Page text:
Many of the folks in the event processing community are my dear friends, so I hesitate to stand up on my vulnerable soapbox and speak a piece of my mind. If you would be so kind to permit me to get on my soapbox without naming names or providing links, that would be much appreciated.
I read papers and blogs from friends and colleagues on topics such as CEP and EDA, CEP and BPM, CEP and SOA, CEM and business rules, and so forth, and so on; marketing and positioning CEP without substance. Making matters more noteworthy is the blogosphere marketing where folks trackback or reference each other’s positioning and marketing comments, positioning CEP as everything under the sun (EDA, SOA, BPM), and missing the point of what CEP actually is!
If you happened to read my last post on an “event cloud generator” or followed the discussion I started in the CEP-Interest group on Yahoo!, you can see that the community has yet to agree on what is an event cloud, much less generate one! So, we all read positioning after positioning statements on CEP as EDA, as SOA, as BPM, as BI, as decision support, as rules, and how great it is; but we can’t yet model and simulate these “complex events” everyone is all taking about.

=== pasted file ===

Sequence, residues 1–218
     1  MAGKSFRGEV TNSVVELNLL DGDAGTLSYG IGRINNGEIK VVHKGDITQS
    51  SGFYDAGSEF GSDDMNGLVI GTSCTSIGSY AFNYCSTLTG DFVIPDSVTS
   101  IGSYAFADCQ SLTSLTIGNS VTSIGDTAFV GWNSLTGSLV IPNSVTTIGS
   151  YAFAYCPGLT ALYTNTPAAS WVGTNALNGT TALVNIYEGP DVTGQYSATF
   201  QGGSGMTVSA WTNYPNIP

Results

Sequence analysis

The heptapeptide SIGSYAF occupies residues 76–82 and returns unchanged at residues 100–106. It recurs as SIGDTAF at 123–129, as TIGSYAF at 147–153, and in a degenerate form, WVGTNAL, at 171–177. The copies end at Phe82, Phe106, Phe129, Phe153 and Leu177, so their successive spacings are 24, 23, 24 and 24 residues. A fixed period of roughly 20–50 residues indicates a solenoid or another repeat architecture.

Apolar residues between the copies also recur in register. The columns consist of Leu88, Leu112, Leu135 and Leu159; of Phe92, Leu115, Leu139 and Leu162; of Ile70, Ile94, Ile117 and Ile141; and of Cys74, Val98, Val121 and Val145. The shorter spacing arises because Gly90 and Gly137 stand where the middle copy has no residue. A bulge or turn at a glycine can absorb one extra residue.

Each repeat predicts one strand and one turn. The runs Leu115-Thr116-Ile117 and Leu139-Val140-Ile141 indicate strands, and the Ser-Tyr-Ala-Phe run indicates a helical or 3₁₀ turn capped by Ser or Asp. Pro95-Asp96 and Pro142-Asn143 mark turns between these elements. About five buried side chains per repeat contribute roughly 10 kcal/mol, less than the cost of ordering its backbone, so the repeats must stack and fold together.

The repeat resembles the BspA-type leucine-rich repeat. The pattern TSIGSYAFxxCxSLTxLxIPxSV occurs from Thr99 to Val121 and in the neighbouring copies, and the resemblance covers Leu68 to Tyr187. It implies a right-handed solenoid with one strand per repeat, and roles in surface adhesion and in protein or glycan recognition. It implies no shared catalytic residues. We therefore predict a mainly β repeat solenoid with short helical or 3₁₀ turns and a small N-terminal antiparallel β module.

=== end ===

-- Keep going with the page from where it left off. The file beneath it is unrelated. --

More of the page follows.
Perhaps this is why CEP is influenced by something I now call, positioning (or marketing) reductionism; reducing the promise of CEP to something legacy, like BPM or business rules; or something trendy, like SOA. Maybe this is why we still have good and very capable people writing papers on why events are important, but we don’t have user friendly modelling and simulation tools to help people understand how to use CEP.
Anyway, the sun is setting over the beautiful Chao Phraya river in Bangkok as I type to you from the 26th floor of the Royal Orchid Sheraton. Maybe you are thinking “why would anyone be standing on their CEP soapbox from such a beautiful place?”